First Look: Flick Coins onto Coasters to Slay Monsters in Dungeon Party | Casual Game Revolution

First Look: Flick Coins onto Coasters to Slay Monsters in Dungeon Party

Dungeon Party

Inspired by classic RPG adventures, Dungeon Party is a light, dexterity-based party game played with coasters and coins.

Currently on Kickstarter, Dungeon Party has an adjustable play time, as well as a variety of monsters, curses, traps, treasures, and heroes. We were recently given the opportunity to take a peek at the rules and components for this game and provide our first impressions.


Each player takes a hero coaster. These show your hit points, your hero's special ability, and the monster type they are most effective against. Players then select a dungeon coaster which gives both the back-story of the dungeon, how many rooms are included, and the level of the rooms and monsters. Each room in the dungeon includes a room coaster, a treasure coaster, and a monster coaster.

At the start of each round, you begin by revealing the next room coaster of the dungeon. Different room tiles can have different special effects or rules in play while players are battling the monster in that room. Next the monster coaster is revealed.

Players then take turns bouncing a coin on the table, attempting to land it at least halfway on the monster coaster. If it lands, the monster takes damage based on the hero attacking it and any special effects that might be affecting the attack. If the player misses, his hero takes damage based on that specific monster's attack value. If a hero's health ever hits zero, he is considered knocked out for the rest of the battle with that monster (once the fight is over, all players’ hit points are fully restored). Players keep taking turns bouncing the coin until either all heroes are knocked out (in which case the players lose the game) or the monster reaches zero health and is defeated.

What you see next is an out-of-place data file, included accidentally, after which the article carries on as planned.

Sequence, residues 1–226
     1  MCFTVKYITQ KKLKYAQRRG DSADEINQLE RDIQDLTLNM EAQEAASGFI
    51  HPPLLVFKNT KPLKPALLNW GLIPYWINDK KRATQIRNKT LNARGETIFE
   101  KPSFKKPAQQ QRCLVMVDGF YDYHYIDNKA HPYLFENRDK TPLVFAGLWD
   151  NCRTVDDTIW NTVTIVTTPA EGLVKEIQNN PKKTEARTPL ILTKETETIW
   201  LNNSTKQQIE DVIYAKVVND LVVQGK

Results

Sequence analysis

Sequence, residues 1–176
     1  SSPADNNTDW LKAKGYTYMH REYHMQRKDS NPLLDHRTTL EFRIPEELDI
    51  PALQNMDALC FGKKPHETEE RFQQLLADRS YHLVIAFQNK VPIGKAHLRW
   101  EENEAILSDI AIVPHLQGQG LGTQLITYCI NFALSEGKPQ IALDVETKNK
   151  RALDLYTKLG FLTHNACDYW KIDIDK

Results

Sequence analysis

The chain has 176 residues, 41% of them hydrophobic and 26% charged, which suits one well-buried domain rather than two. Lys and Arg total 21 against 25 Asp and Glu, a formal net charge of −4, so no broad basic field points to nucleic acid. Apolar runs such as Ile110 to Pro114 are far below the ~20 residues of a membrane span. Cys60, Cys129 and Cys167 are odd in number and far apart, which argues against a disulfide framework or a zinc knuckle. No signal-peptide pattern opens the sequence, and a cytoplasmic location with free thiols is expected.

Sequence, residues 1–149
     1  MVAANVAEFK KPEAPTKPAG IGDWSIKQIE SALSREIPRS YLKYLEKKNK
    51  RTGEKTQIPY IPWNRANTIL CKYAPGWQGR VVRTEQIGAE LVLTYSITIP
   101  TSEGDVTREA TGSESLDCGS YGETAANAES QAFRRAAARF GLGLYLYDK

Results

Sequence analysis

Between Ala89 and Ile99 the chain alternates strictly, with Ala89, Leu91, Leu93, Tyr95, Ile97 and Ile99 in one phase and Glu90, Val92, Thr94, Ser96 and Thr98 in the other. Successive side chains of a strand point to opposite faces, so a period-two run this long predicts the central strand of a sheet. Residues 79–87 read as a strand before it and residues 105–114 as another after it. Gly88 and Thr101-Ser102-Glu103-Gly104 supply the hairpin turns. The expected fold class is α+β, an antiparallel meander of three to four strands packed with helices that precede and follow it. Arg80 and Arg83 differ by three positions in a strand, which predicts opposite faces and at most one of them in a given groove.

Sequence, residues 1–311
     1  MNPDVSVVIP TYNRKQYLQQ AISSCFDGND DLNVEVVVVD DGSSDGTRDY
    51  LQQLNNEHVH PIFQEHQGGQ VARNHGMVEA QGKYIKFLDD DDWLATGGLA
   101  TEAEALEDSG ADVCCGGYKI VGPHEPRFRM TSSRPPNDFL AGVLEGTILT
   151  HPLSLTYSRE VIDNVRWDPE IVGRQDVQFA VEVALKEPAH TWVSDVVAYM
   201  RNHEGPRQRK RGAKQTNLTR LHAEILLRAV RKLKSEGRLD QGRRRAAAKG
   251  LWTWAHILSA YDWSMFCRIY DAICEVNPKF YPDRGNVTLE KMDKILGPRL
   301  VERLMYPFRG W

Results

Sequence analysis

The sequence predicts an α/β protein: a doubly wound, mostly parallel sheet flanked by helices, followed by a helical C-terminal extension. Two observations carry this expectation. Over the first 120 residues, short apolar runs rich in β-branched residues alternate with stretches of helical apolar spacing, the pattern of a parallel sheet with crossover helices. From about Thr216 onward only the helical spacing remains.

The player who delivers the killing blow on a monster earns that room's treasure; he may choose to pass it off to another player if he wishes. Treasure tokens may simply be valuable items worth more points at the end of the game, or special items or spells, which can be used by different hero types. Each item is worth a certain number of gems and the player with the most gems at the end of the game wins — if the players manage to defeat every room in the dungeon.

Dungeon Party Components

First Impressions

Dungeon Party is a clever blend of dungeon crawler and party game. With a 30-90 minute play time (it varies based on the dungeon you choose to tackle) you can easily adapt the game to your group and setting. There is also a wide variety of monsters, treasures, and rooms, and even a fair number of heroes to choose from, to ensure plenty of variety.

The game is also flexible for player age. Yes, the components are coasters, and there as a ‘drinking game’ style variation suggested in the rulebook, but unlike other adult games the components themselves are appropriate for children and the core dexterity gameplay (the default version of the game) is totally accessible to players of all ages

The coasters and coins also ensure that the game can be played in a wide variety of locations with different amounts of space, and the rule book even encourages you to use the coasters for your drinks, implying that they are made from sturdy material that will hold up under repeated use.

In the prototype of the rules we were shown, one or two details could be fleshed out a bit more. For example, there was not a lot of detail on what made for a valid toss or bounce of the coins during the battles, an important detail for a dexterity game. However, these are issues likely to be clarified before release.

It’s great to have such a thematic party game, and a dungeon crawler that’s so versatile for players and setting. Check it out on Kickstarter and decide for yourself if you’re ready for a dungeon party.

Disclosure: this preview is based on our first impressions of a draft of the rulebook and game components, which are subject to change prior to publication. We received a modest payment to write this article.